So rent has gone up to 2400 pesos a month, (about $200.00 Can) bringing in some badly needed funds into the cities coffers and helping to pay city workers that haven’t had a pay cheque in months, we got an offer of garbage pick-up, better security, a little work on the road coming in here and maybe, somehow they’ll bring in water. We’ll see, sometimes money in hand down here means we won’t see anyone again until next months rent time, but since we now have a better understanding as to what poor means down here, none of us mind. We pay our rent and this beautiful spot is ours for the winter and if we can help the locals make it through the bad times, so much the better.

We may not have much but for those who have nothing, we are rich beyond compare. They see us arriving with our cars, motorhomes, campers and boats and see wealth. We see old cars, motorhomes and campers that are past their prime and boats that need TLC to keep them afloat and constant tinkering to keep the motors running.

I guess everything really is relative and people judge things based on the only reality that exists for them. We all see our selves as poor or just getting by, yet we all seem to feel ourselves lucky to be here at this place and in this time. Even the locals who are suffering, will tell you that they know folks who are in worse shape than they are and that though things are not great, they could certainly be much, much worse.

Life truly is seen simply through the eye of the beholder, isn’t it?

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AREN’T YOU AFRAID?

9 Mar

In February of 2006, my eldest daughter and I decided to go to Playa del Carmen and stay at a 4 star hotel for 2 weeks. While we were there, a couple were murdered in their room. From that moment on we have constantly been asked the same question about going to Mexico, “Aren’t you afraid?” The answer is NO!

Punta Arena Beach, just south of La Paz

We are constantly amazed at the coverage any crime involving foreigners that occurs in Mexico, is given in the American and Canadian press. The way the news is slanted makes it seems as if these things never happen anywhere but in Mexico and that no sane person would ever voluntarily go there.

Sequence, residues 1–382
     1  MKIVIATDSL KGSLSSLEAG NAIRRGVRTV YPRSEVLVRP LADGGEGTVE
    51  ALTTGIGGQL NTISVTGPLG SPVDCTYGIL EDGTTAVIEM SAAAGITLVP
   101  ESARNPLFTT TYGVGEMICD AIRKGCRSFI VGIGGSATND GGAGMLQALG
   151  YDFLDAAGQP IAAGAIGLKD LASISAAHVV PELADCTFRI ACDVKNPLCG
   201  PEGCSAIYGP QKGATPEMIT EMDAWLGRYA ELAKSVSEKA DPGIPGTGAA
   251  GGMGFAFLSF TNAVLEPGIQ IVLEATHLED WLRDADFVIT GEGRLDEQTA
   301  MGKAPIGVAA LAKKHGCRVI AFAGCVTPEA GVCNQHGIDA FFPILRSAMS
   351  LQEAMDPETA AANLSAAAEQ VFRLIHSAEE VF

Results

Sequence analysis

Mexico has an economic problem. It’s a third world country, where the average monthly wage, before the recession was $130.00 US. Now, chances are many are either not working, or if they are, they are probably being paid much less, if at all. Many Mexicans we have talked to this winter have told us they haven’t received a wage in months, but are afraid to quit. If they do, they may not be able to find another job, but if they stick with what they have, they may eventually get some of the money owed them.

A piece of black coral left behind by the tide.

When physical violence happens here, it generally occurs in large border towns as these are Drug distribution centres. Drugs are moved to them and then across the border into the US because Americans are the drug cartels biggest customers.  Don’t kid yourself about making the border leakproof. There are always ways to get people and products across any border and the harder it becomes, the more valuable the product when you DO get it across and money is what it’s all about! The violence happens either when gangs fight over turf, or try to protect their empires from those who would bring them down. They kill each other, those they believe threaten them and anyone who gets caught in the cross fire.

 

When the US and Canadian press get hold of these stories they write them as if no one is ever murdered in their countries, there are no gangs, no drugs and all is sweetness and light there. All you have to do is read the Los Angeles Times or the Vancouver Sun to know that’s a huge crock of BS. I’m not sure why the news is slanted the way it is at home, but to us it sure seems as if it’s simply to scare people and it works beautifully. People are afraid to come to Mexico.